Enables federal contractors to impose their religious beliefs on their workers as a condition of employment. The order states that all agencies must provide exemptions to federal contractors and grantees consistent with religious exemptions found within the Civil Rights Act and Americans with Disabilities Act. These exemptions have been carefully tailored and limited by the courts, and do not currently apply to federal contractors. Applying them to federal contractors would impermissibly expand the exemptions, and allow federally-funded organizations to require that their employees follow particular religious beliefs or behaviors in order to remain employed.

Grants broad religious exemptions to federal employees acting in their official capacities as government workers, including workers that regularly interact with the public. The order requires agencies to “accommodate” the religious beliefs of federal employees, even where those beliefs conflict with their official duties as government employees. This could mean that a federal employee, who works for the Social Security Administration, for example, could refuse to process an application for a same-sex couple, a transgender person or a person of different faith, by stating that their religious beliefs prohibit them from doing so.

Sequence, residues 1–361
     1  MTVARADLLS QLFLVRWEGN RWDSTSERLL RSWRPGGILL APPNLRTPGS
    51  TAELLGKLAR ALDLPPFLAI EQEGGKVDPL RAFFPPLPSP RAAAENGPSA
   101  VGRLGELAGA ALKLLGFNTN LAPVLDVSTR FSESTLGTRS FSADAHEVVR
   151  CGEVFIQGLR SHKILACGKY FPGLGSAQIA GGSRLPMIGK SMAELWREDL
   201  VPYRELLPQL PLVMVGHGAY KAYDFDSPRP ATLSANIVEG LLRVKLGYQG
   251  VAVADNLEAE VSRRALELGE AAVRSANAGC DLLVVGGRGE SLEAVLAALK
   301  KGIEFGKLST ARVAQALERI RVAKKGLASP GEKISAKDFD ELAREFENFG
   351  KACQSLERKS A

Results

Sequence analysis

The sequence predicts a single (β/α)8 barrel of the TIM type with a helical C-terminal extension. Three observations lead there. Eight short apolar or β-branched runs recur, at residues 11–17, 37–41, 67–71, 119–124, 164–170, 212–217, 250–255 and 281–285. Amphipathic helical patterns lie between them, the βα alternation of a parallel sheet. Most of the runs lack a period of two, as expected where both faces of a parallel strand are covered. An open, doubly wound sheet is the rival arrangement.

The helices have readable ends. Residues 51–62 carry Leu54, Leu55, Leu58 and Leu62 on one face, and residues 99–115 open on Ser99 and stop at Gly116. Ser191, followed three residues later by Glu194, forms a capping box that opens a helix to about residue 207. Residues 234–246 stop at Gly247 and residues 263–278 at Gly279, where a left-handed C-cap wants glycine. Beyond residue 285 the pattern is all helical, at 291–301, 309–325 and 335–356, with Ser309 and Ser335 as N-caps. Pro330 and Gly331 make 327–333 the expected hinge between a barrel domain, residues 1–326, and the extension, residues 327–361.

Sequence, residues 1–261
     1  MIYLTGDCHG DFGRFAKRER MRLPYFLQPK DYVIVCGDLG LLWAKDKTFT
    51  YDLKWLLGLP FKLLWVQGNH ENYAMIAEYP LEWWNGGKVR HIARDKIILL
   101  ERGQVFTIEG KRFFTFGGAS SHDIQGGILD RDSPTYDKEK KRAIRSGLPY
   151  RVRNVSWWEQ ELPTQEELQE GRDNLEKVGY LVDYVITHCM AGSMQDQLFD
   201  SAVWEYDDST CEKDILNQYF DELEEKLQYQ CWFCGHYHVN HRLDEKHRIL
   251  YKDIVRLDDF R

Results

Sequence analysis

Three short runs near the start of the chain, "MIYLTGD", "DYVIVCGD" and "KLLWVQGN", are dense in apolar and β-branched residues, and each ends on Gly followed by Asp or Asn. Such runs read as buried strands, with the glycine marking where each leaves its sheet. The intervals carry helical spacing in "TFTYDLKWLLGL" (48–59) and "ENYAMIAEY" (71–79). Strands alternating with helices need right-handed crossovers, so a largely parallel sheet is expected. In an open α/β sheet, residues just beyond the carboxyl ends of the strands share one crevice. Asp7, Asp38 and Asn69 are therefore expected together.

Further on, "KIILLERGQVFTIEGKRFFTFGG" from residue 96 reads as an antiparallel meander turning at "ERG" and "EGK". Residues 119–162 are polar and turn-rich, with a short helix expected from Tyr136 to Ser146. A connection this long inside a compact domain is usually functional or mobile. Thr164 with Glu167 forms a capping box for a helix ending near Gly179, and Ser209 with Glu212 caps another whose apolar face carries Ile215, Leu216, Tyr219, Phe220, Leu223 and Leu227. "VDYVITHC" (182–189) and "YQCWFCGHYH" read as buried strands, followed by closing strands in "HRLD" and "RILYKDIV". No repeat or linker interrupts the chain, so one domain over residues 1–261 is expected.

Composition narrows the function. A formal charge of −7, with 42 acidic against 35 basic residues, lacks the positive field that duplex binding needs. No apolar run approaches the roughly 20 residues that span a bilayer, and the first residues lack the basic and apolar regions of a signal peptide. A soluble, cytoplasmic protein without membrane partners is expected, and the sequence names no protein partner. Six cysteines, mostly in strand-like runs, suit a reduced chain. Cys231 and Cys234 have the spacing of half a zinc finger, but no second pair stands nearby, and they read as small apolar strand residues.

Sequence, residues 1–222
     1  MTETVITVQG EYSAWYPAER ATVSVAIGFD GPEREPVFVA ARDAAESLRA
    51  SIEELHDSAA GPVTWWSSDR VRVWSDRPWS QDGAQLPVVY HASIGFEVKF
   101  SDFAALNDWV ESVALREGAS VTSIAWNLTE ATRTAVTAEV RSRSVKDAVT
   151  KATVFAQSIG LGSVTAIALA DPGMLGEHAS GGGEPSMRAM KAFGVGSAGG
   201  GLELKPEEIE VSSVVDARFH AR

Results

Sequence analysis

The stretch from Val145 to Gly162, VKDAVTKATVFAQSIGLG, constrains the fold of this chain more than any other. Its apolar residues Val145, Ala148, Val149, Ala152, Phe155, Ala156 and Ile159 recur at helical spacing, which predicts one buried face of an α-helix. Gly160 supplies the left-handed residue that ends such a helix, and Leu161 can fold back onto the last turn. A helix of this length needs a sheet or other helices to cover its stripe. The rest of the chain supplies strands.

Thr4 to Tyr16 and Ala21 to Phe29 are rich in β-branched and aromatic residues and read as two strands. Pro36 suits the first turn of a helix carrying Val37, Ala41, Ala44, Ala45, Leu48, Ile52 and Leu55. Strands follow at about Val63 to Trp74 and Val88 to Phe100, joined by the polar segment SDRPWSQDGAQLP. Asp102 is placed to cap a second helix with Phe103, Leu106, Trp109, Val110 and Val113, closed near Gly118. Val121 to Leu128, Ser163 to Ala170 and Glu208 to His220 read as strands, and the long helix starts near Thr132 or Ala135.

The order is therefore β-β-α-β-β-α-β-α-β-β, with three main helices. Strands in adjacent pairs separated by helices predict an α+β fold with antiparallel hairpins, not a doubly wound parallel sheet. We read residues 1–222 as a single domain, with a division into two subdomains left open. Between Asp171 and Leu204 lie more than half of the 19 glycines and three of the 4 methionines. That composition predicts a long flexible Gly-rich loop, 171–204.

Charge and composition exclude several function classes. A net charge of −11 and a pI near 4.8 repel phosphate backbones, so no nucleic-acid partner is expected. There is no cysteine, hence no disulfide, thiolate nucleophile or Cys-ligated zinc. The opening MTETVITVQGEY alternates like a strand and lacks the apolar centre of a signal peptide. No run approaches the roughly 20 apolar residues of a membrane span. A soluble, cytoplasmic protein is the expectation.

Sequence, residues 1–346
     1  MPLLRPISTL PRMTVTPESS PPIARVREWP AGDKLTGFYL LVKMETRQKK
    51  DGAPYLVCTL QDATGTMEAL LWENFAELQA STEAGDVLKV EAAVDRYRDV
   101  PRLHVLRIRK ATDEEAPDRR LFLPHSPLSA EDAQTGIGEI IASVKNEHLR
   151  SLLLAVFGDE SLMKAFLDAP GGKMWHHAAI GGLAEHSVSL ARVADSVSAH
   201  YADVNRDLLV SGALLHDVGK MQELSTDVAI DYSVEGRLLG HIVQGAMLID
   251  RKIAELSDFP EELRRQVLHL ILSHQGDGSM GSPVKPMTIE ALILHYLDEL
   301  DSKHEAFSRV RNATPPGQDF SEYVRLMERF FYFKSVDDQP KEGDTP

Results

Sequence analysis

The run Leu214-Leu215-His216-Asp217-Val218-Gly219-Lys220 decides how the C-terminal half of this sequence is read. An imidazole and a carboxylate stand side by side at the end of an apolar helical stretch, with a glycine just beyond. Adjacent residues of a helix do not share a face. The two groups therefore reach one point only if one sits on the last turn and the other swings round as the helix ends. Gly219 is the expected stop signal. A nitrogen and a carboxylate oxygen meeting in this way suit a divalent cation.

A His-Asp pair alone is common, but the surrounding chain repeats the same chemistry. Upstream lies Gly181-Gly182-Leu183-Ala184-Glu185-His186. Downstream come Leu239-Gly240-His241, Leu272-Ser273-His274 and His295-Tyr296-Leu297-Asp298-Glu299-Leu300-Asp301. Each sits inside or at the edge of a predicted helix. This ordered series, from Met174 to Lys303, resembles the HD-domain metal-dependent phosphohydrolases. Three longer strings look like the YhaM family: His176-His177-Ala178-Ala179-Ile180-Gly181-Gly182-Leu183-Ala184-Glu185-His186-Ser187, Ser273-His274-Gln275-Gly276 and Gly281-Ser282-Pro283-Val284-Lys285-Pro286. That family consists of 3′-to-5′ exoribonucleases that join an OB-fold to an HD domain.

Directs relevant federal agencies to exempt any organization, whether religious or secular, from having to provide comprehensive reproductive services and healthcare to their workers. The order directs the Departments of Health and Human Services, Labor, and Treasury to issue an immediate interim rule that “exempts from the preventative care mandate…all persons and religious organizations that object to complying with the mandate for religious or moral reasons.” The order also directs HHS to take “appropriate actions” to ensure that “any individuals” who purchase health insurance on the individual markets, including federally facilitated and state sponsored health insurance, have the ability to purchase insurance that does not provide coverage for abortion and “does not subsidize plans that do provide such coverage.” This means that any for-profit employer can be granted a religious exemption from the requirement that they or their health plans provide contraceptive and family planning services. This would substantially broaden the Supreme Court’s holding in Burwell v. Hobby Lobby, which applied only to closely-held corporations. The order would also require state and federal exchanges to include plans that prohibit family planning services. Furthermore, it would preempt state laws that require health plans to cover birth control and abortion.